It is, therefore, in this context that there is great need to rope in the crucial role of patriotism in entrepreneurship. As I indicated in my previous articles: Part 1 and Part 2, patriotic entrepreneurs are dominantly driven by patriotic business motivation: They are in business not just to pursue and fulfill their aspired life goals but also seek to significantly contribute to the national interests and prosperity of their countries. They have strong affinity, passion, love for their country and they are not ashamed to identify with it. Consequently, drawing on their patriotic business motivation, I argue that patriotic entrepreneurs go a step further to embrace patriotic production.
To unpack patriotic production, I have to do so by theorising because as I explained in my very first article, patriotism is largely overlooked in the entrepreneurship discourse. To start my theorisation, I define patriotic production as the nationalistic passion, resourcefulness and sacrifice to continue to profitably produce goods and services notwithstanding profit maximisation constraints. I posit that patriotic production involves five key tenets, namely, Nationalist Evocation, Determination of People’s Needs and Wants, Determination of Strategic Resources, National Interests Adoption, and Strategic Plan Crafting and Implementation.
Regarding the national evocation tenet, my first argument is that a patriotic entrepreneur primarily identifies themselves as a nationalist, that is, born and bred in their country and with undying allegiance and love for their nation and not just a citizen.
A citizen differs from a national in that citizenship is legally acquired, can be ditched or taken away from the beholder even if they still loved to be a citizen.
At the same time, nationals being born and bred in their country are natural citizens by birth but not every national is a nationalist. Simply, put “haasi munhu wese akaberekwa munyika make anoda nyika yake nomoyo wake wese zvekusvika pakuitamburira kana kuifira”.
My second argument is that, being nationalist, a patriotic entrepreneur as I demonstrated in my previous second article (Part 2) is dominantly driven by patriotic business motivation. This means they are in business not just to pursue their desired self-identity and aspired personal life goals but also very much prioritizes national identity, national interests and the overall wellbeing of their country.
Therefore, drawing on my first and second arguments, patriotic business motivation leads to patriotic production, which is characterized by firstly evoking one’s nationality and nationalist allegiance. Specifically, what drives patriotic production is a nationalistic perspective that draws on evoking one’s nationality, the national revolution, national culture, and national aspirations.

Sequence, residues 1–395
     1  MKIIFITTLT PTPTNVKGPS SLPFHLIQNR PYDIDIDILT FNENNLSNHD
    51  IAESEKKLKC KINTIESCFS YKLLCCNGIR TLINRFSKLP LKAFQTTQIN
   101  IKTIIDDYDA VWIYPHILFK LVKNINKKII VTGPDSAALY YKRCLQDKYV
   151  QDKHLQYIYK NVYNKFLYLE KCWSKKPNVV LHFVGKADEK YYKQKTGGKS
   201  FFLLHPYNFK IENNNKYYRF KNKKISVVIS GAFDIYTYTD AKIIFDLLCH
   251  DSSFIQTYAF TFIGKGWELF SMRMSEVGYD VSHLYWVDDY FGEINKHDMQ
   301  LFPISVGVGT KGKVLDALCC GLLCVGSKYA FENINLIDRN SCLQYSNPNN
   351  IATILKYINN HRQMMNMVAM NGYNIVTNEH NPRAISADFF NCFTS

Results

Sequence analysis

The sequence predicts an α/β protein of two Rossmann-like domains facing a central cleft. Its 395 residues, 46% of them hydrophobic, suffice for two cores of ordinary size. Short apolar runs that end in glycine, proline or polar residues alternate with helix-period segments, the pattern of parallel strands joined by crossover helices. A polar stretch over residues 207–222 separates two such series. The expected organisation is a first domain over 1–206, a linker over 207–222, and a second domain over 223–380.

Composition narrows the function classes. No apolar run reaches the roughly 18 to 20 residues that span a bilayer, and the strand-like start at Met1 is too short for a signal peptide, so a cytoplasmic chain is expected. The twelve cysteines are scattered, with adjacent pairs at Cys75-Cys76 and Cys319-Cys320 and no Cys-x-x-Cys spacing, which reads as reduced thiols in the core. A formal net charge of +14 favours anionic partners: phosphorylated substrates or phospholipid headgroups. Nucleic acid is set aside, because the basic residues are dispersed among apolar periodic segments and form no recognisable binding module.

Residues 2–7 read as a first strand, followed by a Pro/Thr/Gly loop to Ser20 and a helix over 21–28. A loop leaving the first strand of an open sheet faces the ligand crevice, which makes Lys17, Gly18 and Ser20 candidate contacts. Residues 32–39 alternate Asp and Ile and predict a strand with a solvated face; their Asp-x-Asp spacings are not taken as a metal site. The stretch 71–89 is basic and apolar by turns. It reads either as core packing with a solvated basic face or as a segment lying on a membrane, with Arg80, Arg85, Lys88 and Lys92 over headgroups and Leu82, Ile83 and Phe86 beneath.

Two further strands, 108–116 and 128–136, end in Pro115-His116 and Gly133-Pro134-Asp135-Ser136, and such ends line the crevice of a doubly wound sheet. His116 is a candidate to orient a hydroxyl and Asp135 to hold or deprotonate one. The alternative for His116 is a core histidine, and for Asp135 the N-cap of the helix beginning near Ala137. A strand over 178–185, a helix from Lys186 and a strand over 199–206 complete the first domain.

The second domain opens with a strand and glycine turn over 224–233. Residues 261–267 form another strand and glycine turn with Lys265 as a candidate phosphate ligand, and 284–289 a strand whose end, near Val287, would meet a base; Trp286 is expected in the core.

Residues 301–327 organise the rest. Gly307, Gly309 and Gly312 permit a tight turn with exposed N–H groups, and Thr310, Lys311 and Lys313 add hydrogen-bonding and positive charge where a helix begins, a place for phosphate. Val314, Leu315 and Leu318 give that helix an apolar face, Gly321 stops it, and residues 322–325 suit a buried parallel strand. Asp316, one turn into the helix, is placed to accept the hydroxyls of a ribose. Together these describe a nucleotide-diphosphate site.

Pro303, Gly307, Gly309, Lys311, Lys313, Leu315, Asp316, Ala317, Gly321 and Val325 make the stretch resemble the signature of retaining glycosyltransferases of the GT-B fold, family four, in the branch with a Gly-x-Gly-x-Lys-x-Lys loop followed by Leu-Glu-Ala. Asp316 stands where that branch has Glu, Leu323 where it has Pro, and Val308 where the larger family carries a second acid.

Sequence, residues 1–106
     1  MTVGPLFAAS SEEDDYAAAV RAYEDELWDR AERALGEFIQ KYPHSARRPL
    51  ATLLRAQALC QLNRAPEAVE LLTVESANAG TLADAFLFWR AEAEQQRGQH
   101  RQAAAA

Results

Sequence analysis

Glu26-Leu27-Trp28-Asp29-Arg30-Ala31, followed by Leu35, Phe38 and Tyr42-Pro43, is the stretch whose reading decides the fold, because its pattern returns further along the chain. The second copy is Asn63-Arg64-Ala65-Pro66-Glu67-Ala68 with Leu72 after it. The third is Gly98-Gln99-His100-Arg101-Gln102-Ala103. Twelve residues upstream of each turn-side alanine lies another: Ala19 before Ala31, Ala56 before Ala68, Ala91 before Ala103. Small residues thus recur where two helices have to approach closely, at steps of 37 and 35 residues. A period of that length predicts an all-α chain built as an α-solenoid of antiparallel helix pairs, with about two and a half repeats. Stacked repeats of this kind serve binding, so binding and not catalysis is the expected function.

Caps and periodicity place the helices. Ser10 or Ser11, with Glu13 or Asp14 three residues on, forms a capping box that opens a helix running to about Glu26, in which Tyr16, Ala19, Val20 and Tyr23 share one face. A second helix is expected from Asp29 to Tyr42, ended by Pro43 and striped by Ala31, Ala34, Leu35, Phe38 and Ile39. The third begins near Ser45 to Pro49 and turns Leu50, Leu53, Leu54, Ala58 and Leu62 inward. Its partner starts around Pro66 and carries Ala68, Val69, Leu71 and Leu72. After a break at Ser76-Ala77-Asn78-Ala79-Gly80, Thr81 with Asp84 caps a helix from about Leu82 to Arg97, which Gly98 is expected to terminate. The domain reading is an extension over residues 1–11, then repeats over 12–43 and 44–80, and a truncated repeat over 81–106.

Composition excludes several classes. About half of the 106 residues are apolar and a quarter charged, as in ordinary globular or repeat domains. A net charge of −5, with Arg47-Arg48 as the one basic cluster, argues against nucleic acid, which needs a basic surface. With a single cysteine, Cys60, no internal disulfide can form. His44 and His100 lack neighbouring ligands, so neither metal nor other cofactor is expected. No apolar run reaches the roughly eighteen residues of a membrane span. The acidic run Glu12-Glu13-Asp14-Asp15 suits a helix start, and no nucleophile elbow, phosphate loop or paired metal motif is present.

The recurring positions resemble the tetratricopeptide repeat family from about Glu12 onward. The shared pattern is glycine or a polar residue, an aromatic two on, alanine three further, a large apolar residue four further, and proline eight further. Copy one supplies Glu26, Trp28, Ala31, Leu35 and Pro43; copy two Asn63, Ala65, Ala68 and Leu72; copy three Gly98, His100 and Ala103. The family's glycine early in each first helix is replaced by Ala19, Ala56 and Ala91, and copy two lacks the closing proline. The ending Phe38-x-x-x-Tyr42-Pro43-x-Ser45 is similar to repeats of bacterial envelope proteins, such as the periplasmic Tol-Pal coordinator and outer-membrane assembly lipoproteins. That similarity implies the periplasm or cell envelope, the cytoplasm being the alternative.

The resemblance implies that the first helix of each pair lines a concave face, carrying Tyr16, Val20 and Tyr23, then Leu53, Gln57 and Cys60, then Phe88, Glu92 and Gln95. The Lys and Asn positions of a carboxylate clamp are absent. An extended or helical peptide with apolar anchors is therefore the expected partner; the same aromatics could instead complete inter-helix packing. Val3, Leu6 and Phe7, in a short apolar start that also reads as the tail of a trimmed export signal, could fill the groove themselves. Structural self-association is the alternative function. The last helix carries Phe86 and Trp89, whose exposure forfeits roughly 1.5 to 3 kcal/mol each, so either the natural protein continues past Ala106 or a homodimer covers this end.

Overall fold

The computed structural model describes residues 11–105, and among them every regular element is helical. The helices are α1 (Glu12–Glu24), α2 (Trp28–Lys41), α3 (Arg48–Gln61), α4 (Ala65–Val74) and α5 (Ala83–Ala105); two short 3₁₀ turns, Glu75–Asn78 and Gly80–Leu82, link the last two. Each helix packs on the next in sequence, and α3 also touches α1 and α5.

Doing this result in the patriotic entrepreneur strongly affirming their allegiance to their nation as a nationalist. It is very important to point out here that globally, there is no nation that has no nationalist leaders who through idiosyncratic revolutions ‘midwifed’ the birth of such a nation.
It is the very same nationalist leaders (born and bred) and not just citizens (legally acquired status) who shaped the politics of their nations, fostered patriotism and as torch bearers pioneered the championing and marshalling of national interests. Consequently, when a patriotic entrepreneur evokes their nationalist tenet, what they do is to retrace the footsteps of the birthing of their nation straight to its umbilical cord “kudzokera pane rukuvhute rwenyika yavo”. In sharp contrast, legally acquired citizenship has no umbilical cord in the nation they reside and do business in: “Rukuvhute rwavo rwuri kunyika kwavo kwavakabva”.
Having reaffirmed their nationalist identity and feeling quite strongly about transforming their nation, the next tenet in patriotic production is that of interrogating what the peoples’ needs and wants are. By doing this, patriotic entrepreneurs get comprehensive understanding about what goods and services are required in order to firstly make the people live and secondly make the people succeed in attaining a higher standard of living. After knowing what the people need and want, the third tenet in patriotic production is for patriotic entrepreneurs to survey the quantum of strategic resources across the key sectors of the economy, that is, extractive (agriculture, quarrying, mining, forestry, oil, gas), manufacturing, construction, retail and services. Doing this helps patriotic production to connect the nation’s needs and wants with the nation’s strategic resources.